Tag Archives: comedy

Comedy superstar headlines Greater Naples Jewish Film Festival

When You Lie About Your Age, the Terrorists Win (Villard, 2009) and How to Succeed in Business Without Really Crying (Quirk, Books, 2014).

Carol Leifer

Carol Leifer’s stories bring tonic laughter and wacky wisdom.

As she does in her classic stand-up routines, Carol Leifer talks about herself as a way of talking about all of us, certainly the female spectrum of all of us. The chapters of these two books, books which are different in several ways, are either chapters in her own life or observational chapters about what goes on around her. Sometimes abrasive, sometimes sensitive, but always funny and wise.

In When You Life About Your Age, the Terrorists Win, a good deal of the focus has to do with turning forty and what follows from that time marker through another decade or so.

The perspective is feminist, Lesbian, and Jewish all braided into one brainy package. 

It is not about her career, but in a way it is very much a part of her career. You can hear her voice bringing her material to an audience – all of us.

The title of the second chapter says it well: 40 Things I Know at 50 Because 50 is the New Forty.

Enjoy family stories about growing up, mom and dad, exploring and enhancing her Jewish identity, discovering and acting on her Lesbian inclinations, and the family she creates with her partner and their adopted son. The stories explore the tension that we all share between the way we’d like things to be and the way they are: our appearance, our values, surviving our mistakes, our health, and our relationships – including relationships with pets.

Considering the need for better quality breast implants, devices she would never use, she shouts out in the safety of her thoughts: “Why am I fighting for your fake tits when you’re not bringing anything to my table?”

Carol wonders about the women she meets who are a generation or two younger than herself. She doesn’t see them carrying the torch as she and her contemporaries carried through the earlier decades of the Women’s Movement.

She wonders about her “quid pro quo” attitude toward gift-giving. Is getting even what it’s all about? Is it just a family or “Jewish” thing? And how did a classic gift, the “chafing dish,” get its name? Should it be treated with Vaseline before use?

Have we become “lazy-ass weenies,” she asks, needing “comfort grips” on our tooth brushes and pens? What’s that all about? 

Carol’s experiences in her various doctors’ offices will bring knowing smiles from her readers. But when they get to the part about a mammogram, when the radiology tech says that the doctor wants “a few more films of your left breast,” readers will know we’ve slid off the comic table for a page or two. Luckily all turned out well. What tremendous emotional resonance is in that vignette.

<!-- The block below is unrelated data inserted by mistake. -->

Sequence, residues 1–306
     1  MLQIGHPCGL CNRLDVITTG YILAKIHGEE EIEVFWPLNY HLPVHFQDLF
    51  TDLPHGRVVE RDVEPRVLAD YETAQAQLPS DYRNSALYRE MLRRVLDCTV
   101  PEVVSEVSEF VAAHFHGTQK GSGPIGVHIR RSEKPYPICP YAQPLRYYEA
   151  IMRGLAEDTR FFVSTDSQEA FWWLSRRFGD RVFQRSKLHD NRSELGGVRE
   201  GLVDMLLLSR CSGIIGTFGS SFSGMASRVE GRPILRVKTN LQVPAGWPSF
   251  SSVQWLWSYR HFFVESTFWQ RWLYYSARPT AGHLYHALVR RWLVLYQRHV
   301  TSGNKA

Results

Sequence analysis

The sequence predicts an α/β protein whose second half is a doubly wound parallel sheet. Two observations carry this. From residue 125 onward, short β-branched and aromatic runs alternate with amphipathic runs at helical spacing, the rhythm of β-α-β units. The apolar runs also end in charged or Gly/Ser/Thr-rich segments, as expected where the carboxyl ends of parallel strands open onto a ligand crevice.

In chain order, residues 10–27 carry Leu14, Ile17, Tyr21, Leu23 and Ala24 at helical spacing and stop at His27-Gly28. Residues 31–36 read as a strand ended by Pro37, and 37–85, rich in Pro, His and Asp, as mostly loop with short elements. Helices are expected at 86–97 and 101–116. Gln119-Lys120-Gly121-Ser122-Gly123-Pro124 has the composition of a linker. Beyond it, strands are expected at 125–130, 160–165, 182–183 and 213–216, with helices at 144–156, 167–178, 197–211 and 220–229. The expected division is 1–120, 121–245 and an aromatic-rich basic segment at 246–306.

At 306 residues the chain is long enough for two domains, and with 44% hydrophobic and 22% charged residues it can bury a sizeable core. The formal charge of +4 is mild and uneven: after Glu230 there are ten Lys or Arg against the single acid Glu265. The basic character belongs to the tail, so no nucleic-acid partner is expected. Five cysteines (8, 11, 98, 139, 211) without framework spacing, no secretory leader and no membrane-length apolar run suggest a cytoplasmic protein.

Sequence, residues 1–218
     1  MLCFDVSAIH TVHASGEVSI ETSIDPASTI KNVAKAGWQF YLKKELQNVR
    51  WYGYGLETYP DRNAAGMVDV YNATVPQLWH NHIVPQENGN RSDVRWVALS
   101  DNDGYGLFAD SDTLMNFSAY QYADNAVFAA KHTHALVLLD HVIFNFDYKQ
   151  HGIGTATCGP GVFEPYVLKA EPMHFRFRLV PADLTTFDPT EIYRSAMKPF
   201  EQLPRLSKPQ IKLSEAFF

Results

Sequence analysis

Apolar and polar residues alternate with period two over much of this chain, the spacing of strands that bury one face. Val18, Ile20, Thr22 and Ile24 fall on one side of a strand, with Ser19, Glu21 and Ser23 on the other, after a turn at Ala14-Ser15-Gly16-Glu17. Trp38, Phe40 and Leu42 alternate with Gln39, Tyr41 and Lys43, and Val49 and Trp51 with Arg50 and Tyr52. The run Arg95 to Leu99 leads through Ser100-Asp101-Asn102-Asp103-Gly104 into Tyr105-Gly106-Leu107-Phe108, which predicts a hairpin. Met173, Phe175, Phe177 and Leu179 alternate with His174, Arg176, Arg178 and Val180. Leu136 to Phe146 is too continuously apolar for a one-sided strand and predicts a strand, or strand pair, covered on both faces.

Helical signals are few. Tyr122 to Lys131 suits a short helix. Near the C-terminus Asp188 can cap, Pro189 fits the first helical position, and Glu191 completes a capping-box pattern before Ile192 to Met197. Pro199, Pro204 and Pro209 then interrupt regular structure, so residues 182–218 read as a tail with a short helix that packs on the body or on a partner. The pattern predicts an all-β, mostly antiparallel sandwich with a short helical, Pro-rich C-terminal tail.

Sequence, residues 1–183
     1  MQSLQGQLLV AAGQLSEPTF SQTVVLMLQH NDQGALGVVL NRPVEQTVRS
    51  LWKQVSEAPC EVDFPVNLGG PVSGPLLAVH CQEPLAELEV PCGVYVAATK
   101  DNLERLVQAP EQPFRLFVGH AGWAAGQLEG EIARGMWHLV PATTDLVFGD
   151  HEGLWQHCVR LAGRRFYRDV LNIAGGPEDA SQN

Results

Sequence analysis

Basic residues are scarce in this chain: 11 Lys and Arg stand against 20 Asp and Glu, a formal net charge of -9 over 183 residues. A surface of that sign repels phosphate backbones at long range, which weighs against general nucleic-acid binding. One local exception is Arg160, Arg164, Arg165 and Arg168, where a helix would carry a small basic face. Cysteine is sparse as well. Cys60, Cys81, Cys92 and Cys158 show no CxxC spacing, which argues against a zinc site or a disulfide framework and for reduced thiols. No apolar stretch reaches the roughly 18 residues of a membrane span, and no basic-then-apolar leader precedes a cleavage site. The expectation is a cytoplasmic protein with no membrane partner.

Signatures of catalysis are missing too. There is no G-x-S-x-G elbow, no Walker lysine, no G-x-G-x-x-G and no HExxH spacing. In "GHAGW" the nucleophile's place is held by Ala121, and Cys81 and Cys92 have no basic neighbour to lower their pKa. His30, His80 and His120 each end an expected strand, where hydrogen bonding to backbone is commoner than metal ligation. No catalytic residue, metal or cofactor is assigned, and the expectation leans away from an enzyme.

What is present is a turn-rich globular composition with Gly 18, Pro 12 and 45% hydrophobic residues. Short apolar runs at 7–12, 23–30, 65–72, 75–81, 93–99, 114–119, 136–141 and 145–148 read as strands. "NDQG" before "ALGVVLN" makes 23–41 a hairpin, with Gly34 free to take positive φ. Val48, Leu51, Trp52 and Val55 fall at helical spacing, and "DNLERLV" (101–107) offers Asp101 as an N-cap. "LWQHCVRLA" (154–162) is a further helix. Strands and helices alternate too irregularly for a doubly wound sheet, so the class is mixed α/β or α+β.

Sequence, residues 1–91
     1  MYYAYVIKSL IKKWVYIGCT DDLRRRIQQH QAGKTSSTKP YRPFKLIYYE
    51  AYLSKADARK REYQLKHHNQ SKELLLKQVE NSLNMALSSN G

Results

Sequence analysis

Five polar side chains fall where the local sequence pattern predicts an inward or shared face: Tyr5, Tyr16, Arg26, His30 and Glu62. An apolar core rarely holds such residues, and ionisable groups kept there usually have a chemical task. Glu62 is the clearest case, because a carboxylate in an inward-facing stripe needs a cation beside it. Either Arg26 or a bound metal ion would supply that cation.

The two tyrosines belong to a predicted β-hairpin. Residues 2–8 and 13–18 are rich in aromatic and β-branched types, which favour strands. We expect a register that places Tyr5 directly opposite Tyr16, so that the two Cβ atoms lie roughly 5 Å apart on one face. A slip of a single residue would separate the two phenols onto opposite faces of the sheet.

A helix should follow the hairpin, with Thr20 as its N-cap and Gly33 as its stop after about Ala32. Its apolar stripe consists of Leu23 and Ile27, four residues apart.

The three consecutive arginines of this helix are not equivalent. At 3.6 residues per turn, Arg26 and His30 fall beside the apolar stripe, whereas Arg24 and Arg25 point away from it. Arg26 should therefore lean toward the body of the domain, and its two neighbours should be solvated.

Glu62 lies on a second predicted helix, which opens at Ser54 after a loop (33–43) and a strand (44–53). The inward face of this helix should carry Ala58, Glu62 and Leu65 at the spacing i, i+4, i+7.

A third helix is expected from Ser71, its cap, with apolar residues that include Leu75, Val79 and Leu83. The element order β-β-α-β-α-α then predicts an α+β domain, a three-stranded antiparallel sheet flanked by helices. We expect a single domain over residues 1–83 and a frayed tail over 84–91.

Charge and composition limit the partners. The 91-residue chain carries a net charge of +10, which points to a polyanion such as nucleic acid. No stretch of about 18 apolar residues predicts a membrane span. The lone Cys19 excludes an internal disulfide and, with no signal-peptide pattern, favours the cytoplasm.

Ultimately, this earlier book is a celebration of aging. Carol helps us all celebrate together.

How to Succeed in Business Without Really Crying, published in a small page format, is also a memoir, and it covers some of the same thematic concerns. This time, however, Carol plunges into her career history as both a hugely successful stand-up comedian and brilliant television comedy writer. Guess what? Carol has found a way to make this self-help book applicable to almost any career that one might wish to enter. And it’s not just about breaking in, but about staying and rising to the top.

While she draws examples from her own experiences – and these are all terrifically entertaining stories – she extracts the transferable lessons in a way that make sense to anyone aspiring to get started in the world of work, to change directions, or to reach a higher level of achievement.

Carol underscores the need for constructive attitude building that leads to positive action plans. She explores the value of making and keeping useful connections. She insists that consistently treating others well will pay off, while treating them poorly is likely to come back to haunt you and block your path. She shows how you can rebound from a negative experience and often transform it into something unexpectedly positive.

It doesn’t hurt that we get to encounter models of successful professional performers whom we think we already know: Jerry Seinfeld and Larry David, Bette Midler, David Letterman Jay Leno, and Frank Sinatra are only a small handful of the many show business celebrities with whom Carol has worked and who have helped shape her own expertise about climbing the ladder of success and not falling off. Her rules for the road are in themselves quite a ride. Laughs are everywhere.

An extra added ingredient in this book is the inclusion of dozens of photographs.

Well known for her stand-up specials on TV and her award-winning contributions as a writer to such television series as Seinfeld, Saturday Night Live, and Modern Family, Carol Leifer will be joining the staff for the upcoming season of Curb Your Enthusiasm as a Writer/Producer.

Come to the Hilton Naples to laugh and learn when trailblazer Carol Leifer leads off the Greater Naples Jewish Book Festival on October 17 at 7:30 p. m.  Schedule and ordering Information is available online at http://www.jewishbookfestival.org. You can also send email to fedstar18@gmail.com or call the Federation office at 239.263.4205.

This review appears in the October 2018 Federation Star (Jewish Federation of Greater Naples) and also in the Naples Florida Weekly. See Leifer

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When farmed tilapia are dying from bleach, it could be big

 


Coastal Corpse, by Marty Ambrose. Five Star. 229 pages. Hardcover $25.95. Ebook $3.99.

Mallie Monroe is at it again in the fifth “Mango Bay Mystery.” She’s juggling two beaux. One is Cole, whose engagement ring she has managed to misplace (Freudian slip). The other is Nick, the chief police detective on Coral Island. Mallie seems to have a commitment problem. 

She has other problems as well. Her job as a reporter for the “Coral Island Observer” has been immensely complicated by the secretary-receptionist’s honeymoon and the editor’s disappearance. Suddenly, she finds herself in charge of just about everything, including getting out the next issue of the paper. There are just too many stories waiting to be researched and written. Which is the feature and which are the fillers? Mallie is not happy about having to enlist the help of people with little or no experience. Things are chaotic.